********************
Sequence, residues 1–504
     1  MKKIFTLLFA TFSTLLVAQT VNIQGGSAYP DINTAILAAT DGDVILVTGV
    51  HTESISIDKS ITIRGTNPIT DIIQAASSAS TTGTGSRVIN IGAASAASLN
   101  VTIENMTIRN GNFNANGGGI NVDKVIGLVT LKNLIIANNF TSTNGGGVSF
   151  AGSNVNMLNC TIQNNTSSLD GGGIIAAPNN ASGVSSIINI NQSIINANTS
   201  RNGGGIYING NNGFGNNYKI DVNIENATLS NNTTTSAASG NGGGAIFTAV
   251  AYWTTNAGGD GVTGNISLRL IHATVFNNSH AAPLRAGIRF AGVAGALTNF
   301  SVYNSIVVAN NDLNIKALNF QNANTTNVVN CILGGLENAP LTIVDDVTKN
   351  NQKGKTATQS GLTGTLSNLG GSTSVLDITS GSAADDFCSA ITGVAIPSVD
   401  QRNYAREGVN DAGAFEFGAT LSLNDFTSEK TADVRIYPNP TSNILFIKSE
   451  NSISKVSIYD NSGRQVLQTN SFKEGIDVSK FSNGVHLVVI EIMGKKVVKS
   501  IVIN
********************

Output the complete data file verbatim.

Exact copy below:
Sequence, residues 1–504
     1  MKKIFTLLFA TFSTLLVAQT VNIQGGSAYP DINTAILAAT DGDVILVTGV
    51  HTESISIDKS ITIRGTNPIT DIIQAASSAS TTGTGSRVIN IGAASAASLN
   101  VTIENMTIRN GNFNANGGGI NVDKVIGLVT LKNLIIANNF TSTNGGGVSF
   151  AGSNVNMLNC TIQNNTSSLD GGGIIAAPNN ASGVSSIINI NQSIINANTS
   201  RNGGGIYING NNGFGNNYKI DVNIENATLS NNTTTSAASG NGGGAIFTAV
   251  AYWTTNAGGD GVTGNISLRL IHATVFNNSH AAPLRAGIRF AGVAGALTNF
   301  SVYNSIVVAN NDLNIKALNF QNANTTNVVN CILGGLENAP LTIVDDVTKN
   351  NQKGKTATQS GLTGTLSNLG GSTSVLDITS GSAADDFCSA ITGVAIPSVD
   401  QRNYAREGVN DAGAFEFGAT LSLNDFTSEK TADVRIYPNP TSNILFIKSE
   451  NSISKVSIYD NSGRQVLQTN SFKEGIDVSK FSNGVHLVVI EIMGKKVVKS
   501  IVIN